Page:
Finding Enough Affordable Housing in Aurora, Illinois
By Breann Gala
The Metropolitan Planning Council (MPC) has an 80-year history in public housing—from helping form the Chicago Housing Authority (CHA) in the 1930s to playing an organizing role with the nation’s largest public housing transformation. Given decades of work in the City of Chicago, MPC has now been focusing on how to translate these lessons learned to the Chicago suburbs and bring focus to the connection between housing and transit, economic development and neighborhood stability. One major initiative is the Regional Housing Initiative, an effort between MPC and eight regional housing authorities to expand housing choices for low-income renters. MPC also partners with suburban housing authorities looking to build mixed-income communities on the sites of previously isolated public housing developments.
Last summer, Urban Land Institute and MPC conducted a two-day technical assistance panel to support the City of Aurora, located roughly 40 miles west of Chicago, and Aurora Housing Authority (AHA) as they grapple with determining if and what to rebuild on Jericho Circle, a former public housing site on the city’s southwest side. The panel also discussed creative strategies for managing the growing number of foreclosed, vacant homes in the western neighborhoods and policies aimed at meeting the need for affordable housing across the city. The 11-member panel, with support from MPC and ULI staff, interviewed dozens of Aurora residents and stakeholders, crunched data and debated the complex social, land use, political and economic challenges at play. The results are highlighted in the report Affordable Housing Strategies.
City of Aurora
Aurora has had an interesting history in the past decade, including a 40 percent drop in crime over the past five years, growth in private investment (businesses invested over $126 million in 2012), and a steady rise in Hispanic and Latino residents. Despite such advances, Aurora struggles with poverty concentration, underperforming schools on its west side, and a growing need for quality affordable rental housing. The last challenge—the lack of quality rental housing—has been compounded by the demolition of Jericho Circle, a former AHA public housing site, in 2012. Jericho Circle, a physically and socially isolated housing development, fell into disrepair and was approved for demolition in 2010 for the second time in its history. Understandably there are political and social sensitivities surrounding Jericho Circle, making the need for expert advice from ULI and MPC important to the City’s next steps.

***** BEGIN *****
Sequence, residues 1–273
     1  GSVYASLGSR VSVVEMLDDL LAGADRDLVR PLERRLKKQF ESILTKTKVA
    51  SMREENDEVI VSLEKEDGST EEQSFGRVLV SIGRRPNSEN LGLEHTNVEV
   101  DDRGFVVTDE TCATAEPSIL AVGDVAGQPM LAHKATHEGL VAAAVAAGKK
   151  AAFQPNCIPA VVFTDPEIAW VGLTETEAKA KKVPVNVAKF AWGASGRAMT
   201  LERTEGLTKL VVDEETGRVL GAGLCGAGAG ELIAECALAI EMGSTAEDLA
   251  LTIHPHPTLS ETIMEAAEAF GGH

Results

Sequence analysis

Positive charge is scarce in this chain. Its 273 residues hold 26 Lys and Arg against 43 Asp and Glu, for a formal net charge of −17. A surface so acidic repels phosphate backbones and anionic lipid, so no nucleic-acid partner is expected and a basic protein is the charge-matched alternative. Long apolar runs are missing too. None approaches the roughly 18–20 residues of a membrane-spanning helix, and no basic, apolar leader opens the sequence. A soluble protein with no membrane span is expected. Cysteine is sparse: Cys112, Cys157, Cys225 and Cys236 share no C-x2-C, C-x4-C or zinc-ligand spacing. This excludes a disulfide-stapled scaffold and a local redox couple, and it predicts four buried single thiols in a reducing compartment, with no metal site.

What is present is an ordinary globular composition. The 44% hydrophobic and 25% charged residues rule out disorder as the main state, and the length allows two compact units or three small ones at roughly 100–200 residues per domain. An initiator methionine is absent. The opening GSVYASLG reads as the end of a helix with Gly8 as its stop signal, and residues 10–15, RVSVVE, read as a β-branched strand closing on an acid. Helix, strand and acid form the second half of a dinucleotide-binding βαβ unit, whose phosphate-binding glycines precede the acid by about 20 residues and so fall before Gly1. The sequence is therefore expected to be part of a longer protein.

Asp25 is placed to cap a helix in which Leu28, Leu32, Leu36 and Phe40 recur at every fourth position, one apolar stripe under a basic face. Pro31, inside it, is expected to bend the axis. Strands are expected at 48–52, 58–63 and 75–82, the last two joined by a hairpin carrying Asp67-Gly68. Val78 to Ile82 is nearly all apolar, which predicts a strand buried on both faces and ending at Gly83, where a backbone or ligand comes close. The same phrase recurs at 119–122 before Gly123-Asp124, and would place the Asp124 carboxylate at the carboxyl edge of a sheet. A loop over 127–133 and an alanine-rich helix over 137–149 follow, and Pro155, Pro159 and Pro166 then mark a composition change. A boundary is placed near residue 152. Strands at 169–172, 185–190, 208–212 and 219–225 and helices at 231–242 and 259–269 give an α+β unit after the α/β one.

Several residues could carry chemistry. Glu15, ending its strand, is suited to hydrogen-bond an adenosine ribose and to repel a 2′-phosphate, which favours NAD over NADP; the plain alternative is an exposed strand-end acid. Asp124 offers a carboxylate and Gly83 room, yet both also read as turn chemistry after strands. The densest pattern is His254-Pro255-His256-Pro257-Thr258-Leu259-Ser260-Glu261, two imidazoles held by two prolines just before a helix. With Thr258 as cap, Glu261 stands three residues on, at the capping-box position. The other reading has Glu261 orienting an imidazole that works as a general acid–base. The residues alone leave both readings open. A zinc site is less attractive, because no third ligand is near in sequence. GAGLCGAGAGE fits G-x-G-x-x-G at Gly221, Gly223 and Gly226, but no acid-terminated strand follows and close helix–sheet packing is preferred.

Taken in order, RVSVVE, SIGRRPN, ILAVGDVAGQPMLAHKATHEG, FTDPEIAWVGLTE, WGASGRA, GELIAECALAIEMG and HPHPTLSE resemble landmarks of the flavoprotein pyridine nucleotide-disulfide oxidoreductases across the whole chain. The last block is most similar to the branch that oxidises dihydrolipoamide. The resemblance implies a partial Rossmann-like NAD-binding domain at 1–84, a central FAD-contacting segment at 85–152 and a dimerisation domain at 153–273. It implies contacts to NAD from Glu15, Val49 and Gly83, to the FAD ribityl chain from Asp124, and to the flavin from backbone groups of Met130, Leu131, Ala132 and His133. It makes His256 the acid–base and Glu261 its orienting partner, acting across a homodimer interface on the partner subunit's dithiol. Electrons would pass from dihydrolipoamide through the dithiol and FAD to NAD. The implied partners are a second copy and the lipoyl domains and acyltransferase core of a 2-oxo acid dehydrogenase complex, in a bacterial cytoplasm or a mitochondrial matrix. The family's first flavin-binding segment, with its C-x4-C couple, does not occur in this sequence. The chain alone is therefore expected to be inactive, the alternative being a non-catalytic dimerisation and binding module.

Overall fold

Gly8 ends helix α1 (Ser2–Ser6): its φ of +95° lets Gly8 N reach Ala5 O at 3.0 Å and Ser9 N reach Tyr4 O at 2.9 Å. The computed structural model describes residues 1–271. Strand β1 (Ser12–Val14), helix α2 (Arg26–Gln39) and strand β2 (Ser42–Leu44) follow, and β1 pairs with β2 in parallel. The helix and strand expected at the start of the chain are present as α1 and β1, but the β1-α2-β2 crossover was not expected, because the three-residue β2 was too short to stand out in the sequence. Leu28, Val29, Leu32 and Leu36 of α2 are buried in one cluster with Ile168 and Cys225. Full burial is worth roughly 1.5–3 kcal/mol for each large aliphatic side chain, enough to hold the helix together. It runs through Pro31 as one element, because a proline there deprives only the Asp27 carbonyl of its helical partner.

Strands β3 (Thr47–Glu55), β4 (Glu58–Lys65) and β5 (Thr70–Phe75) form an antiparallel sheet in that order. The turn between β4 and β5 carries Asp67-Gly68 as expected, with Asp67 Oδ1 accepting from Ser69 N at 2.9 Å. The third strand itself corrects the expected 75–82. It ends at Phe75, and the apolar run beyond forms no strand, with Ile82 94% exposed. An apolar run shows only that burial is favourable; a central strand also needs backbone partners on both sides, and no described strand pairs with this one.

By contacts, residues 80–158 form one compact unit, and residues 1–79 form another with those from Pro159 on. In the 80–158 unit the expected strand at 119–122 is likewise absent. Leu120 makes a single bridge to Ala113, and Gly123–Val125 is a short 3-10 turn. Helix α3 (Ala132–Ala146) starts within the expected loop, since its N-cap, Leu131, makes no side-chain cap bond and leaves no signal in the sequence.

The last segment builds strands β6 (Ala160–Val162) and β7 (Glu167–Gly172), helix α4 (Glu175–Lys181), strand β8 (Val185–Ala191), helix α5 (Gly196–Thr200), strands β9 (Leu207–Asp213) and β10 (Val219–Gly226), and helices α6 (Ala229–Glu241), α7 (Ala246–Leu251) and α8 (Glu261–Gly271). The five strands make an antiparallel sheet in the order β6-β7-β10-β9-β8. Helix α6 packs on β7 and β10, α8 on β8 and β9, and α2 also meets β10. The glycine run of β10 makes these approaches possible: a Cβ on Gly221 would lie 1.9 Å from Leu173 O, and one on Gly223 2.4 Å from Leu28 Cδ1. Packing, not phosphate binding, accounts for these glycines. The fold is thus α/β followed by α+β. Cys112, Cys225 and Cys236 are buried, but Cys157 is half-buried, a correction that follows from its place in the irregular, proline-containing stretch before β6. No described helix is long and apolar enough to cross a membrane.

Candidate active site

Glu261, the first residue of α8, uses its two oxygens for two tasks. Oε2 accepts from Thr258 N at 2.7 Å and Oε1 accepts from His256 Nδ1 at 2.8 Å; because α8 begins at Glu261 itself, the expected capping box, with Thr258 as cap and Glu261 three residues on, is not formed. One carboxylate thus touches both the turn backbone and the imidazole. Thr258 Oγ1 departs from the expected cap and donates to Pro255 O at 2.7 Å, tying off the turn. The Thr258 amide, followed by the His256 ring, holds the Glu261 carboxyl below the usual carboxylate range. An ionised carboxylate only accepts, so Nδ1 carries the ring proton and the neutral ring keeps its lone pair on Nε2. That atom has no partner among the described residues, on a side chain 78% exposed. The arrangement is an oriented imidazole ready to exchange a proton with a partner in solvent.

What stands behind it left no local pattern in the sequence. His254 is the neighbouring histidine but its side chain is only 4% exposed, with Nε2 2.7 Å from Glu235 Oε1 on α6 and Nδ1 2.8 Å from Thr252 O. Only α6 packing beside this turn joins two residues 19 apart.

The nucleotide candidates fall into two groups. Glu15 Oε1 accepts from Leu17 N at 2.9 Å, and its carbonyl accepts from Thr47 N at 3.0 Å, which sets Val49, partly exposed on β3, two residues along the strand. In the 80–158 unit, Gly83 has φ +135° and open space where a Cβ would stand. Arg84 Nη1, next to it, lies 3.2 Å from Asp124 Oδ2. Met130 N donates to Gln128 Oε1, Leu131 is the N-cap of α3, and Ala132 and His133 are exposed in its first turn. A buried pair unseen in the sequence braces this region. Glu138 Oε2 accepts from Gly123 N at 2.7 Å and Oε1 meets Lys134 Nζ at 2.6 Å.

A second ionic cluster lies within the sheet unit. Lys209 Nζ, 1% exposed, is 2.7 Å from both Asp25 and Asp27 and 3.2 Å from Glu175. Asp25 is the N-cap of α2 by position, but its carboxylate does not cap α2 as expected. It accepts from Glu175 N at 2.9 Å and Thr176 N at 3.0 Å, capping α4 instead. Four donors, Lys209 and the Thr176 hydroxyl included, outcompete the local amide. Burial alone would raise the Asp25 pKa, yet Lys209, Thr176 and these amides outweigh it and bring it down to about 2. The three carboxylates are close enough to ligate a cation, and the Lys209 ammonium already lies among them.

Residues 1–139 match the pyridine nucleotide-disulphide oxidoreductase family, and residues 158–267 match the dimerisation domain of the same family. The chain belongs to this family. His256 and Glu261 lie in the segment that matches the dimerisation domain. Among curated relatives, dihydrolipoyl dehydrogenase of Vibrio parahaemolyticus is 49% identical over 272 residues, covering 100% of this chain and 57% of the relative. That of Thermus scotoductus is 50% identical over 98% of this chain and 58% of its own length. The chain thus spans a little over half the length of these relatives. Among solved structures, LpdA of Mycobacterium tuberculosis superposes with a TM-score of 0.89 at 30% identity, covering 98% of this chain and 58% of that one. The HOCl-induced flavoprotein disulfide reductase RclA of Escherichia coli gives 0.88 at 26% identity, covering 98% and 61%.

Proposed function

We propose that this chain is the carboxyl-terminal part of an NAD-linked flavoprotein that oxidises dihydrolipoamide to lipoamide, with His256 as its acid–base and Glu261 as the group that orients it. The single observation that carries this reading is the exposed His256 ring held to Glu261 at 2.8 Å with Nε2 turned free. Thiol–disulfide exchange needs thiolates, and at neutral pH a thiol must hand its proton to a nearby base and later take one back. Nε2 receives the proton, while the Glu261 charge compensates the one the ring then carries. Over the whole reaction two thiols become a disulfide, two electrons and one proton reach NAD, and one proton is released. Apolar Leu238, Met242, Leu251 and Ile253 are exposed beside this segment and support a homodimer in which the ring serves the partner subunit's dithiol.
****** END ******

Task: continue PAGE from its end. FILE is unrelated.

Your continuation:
In short, here are a few of the panel’s top recommendations:
- The City and AHA prioritize replacing the 145 units lost at Jericho Circle in neighborhoods across Aurora. The City and AHA were encouraged to focus on improving the quality of rental housing and consider new uses for vacant buildings, new construction and single-family rental housing opportunities across a range of neighborhoods.
- The City and AHA explore non-housing options for Jericho Circle. At the time of the panel, Aurora University was looking for a large parcel to expand and build an athletic complex but their plans may have changed since the panel. In that case, the recommendation is to build a low-density, mixed-use and mixed-income complex at Jericho Circle, incorporating both on-site retail and a diverse resident base as safeguards against concentrated poverty.
- The City and AHA should incorporate single-family rental housing as one aspect of a diverse quality affordable housing strategy. Currently, AHA and Brinshore Development, a reputed affordable housing developer, are renovating 40 single-family homes to integrate low- and moderate-income housing into neighborhoods across the city. While this approach “kills two birds with one stone” by addressing vacancy and foreclosure and providing affordable housing, the panel recommended against single-family rental housing as a panacea for Aurora’s affordable housing needs. Assembling foreclosed single-family homes is challenging for developers, and living in single-family homes is not suitable for many people. For example, a significant proportion of AHA families are elderly, disabled or generally unfit to take charge of plowing, mowing lawns and maintaining a single-family home. Learn more about single-family rental housing in MPC’s Managing Single-Family Rental Homes report.
- Continue promoting housing and retail development in downtown Aurora. Downtown Aurora has immense potential that can build off existing investments in the Metra commuter station; RiverEdge Park, a new entertainment district; Waubonsee Community College; and the brewery Two Brothers Roundhouse. The panel suggested downtown student housing for Aurora University or Waubonsee Community College, for example.
Moving forward, MPC is committed to supporting the City and AHA as they draft policies and design programs to create a balanced housing stock and vibrant neighborhoods. For those interested in learning more, please see the full report or contact Breann Gala.
Since 1934, the Metropolitan Planning Council (MPC) has been dedicated to shaping a more sustainable and prosperous greater Chicago region. As an independent, nonprofit, nonpartisan organization, MPC serves communities and residents by developing, promoting and implementing solutions for sound regional growth.